Feed Thy people with Thy rod, the flock of Thine heritage, which dwell solitarily in the wood, in the midst of Carmel: let them feed in Bashan and Gilead, as in the days of old
The prophet gives an account of the state of the professing, visible Church, which he looks upon to be like unto a field or vineyard after the harvest is past and the vintage over. God never leaves a professing Church to be a wilderness, unless upon the utmost apostasy; but He many times leaves them to be as a field after harvest, or a vineyard after the vintage. He takes down the hedge, He suffers the wild beasts to come in, lets persons spoil at their pleasure; but there will come a time of culture again, when He will have fruit brought forth to His praise. The prophet says that those who were good were very few; and that those who were evil were very bad. When this is the condition, inevitable destruction lies at the door of that place or nation. If either of these be otherwise, there is yet hope. This being the state and condition of the people of the land, the prophet makes in the name of the Church a threefold application of himself —

1. To God. "I will look unto the Lord."

2. To her enemies. Who is this enemy? Wherein did she show her enmity?

3. To himself. "I will bear the indignation," etc.Here is a very becoming frame under the present state of affliction. In this state and condition, the prophet puts up this request, "Feed Thy people with Thy rod." In these words we have —

I. WHAT IS PRAYED FOR. The rod is the sign of the shepherd. Three things in the feeding of God's people —

1. That God would supply their spiritual and temporal wants.

2. That God, in that state which is coming upon them, would give them pledges, singular pledges of His own tenderness and love.

3. By "feeding" is intended rule, protection, deliverance. The shepherd has to preserve his flock from all evil.

II. THE ARGUMENTS OF FAITH TO BE PLEADED IN THIS CASE.

1. They were the people of God —

(1)Upon election.

(2)By purchase and acquisition.

(3)By covenant.

2. They were "the flock of Thine heritage." They are a "flock." And as such they are helpless, harmless, useful — useful, because a secret blessing goes with them; by reason of their good example; and by reason of their industry. They are "the flock of God's heritage." As such, if God take not care of it, no one else will. It is the heritage of Him whom the whole world looks upon as their greatest enemy.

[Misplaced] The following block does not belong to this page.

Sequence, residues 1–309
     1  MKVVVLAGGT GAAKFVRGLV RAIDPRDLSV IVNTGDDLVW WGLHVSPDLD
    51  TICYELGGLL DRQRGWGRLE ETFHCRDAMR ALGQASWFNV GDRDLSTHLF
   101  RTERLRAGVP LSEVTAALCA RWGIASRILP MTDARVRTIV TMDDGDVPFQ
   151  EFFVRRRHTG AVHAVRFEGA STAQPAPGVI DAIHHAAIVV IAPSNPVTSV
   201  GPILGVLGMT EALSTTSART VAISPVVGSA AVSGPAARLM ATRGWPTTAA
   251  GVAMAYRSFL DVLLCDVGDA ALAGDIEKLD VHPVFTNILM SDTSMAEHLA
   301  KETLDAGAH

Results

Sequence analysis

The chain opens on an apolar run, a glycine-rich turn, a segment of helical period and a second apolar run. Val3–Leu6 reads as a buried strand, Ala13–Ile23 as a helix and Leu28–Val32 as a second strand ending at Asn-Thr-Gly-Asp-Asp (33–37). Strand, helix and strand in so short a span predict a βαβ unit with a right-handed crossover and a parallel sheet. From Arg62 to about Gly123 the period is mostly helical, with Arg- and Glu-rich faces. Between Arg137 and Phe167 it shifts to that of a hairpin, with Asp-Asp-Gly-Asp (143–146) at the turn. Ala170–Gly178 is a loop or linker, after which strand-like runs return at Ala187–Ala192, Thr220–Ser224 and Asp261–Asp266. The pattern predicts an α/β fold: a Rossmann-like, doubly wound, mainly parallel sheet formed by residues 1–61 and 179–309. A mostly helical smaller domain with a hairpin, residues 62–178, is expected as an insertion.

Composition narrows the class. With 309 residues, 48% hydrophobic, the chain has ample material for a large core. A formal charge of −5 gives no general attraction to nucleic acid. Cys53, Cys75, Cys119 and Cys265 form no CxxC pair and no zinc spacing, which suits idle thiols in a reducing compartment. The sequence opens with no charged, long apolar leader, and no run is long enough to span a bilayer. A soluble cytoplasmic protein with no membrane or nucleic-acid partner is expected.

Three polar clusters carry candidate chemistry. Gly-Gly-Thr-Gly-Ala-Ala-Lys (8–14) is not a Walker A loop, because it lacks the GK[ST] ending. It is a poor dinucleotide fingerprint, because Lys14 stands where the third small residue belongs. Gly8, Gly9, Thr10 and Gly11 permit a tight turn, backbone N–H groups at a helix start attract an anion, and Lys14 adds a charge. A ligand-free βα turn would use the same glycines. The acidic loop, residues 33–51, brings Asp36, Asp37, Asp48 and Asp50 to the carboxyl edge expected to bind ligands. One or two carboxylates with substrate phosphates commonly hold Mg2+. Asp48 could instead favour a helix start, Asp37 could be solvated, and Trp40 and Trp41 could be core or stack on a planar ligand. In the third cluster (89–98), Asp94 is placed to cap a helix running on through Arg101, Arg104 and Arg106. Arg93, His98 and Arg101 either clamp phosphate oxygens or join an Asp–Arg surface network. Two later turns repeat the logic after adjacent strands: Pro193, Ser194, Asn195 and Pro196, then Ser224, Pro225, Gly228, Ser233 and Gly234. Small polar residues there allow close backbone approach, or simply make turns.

3. The third argument is taken from their state and condition. The first argument pleads God's glory, His love and faithfulness. The second pleads God's interest. The third pleads God's pity and compassion. They dwell "solitarily," that is disconsolately. "In a wood," that is, ins dark and entangled condition.

( J. Owen, D. D.)

Homilist.
This prayer recognises three things.

I. AN INTERESTING RELATION BETWEEN GOD AND HIS PEOPLE. Flock and Shepherd.

1. He is the absolute Owner of the flock. "All souls are Mine."

2. He has a perfect knowledge of the flock.

3. He has an infinite love for the flock.

4. He has abundant supplies for the flock.

II. THE TRYING CONDITION IN WHICH GOD'S PEOPLE ARE SOMETIMES FOUND. "Which dwell solitarily in the wood, in the midst of Carmel." The primary reference is to their captivity in Babylon.

1. It is caused by self. Souls have not been driven away into moral captivity. "All we like sheep have gone astray."

2. It is undeliverable by self. No soul ever found its way back to God by its own unaided efforts; hence Christ came to "seek and to save the lost."

III. THE IMPORTANCE OF RESTORATION TO FORMER ENJOYMENTS. "Let them feed in Bashan and Gilead, as in the days of old." The regions of Bashan and Gilead, on the east of the Jordan, were celebrated for their rich pasturage, and on this account were chosen by the tribes of Reuben and Gad and the half tribe of Manasseh (Numbers 12; Deuteronomy 3:17). Morally, the great need of man is the restoration of normal rights, normal virtues, normal enjoyments.

(Homilist.)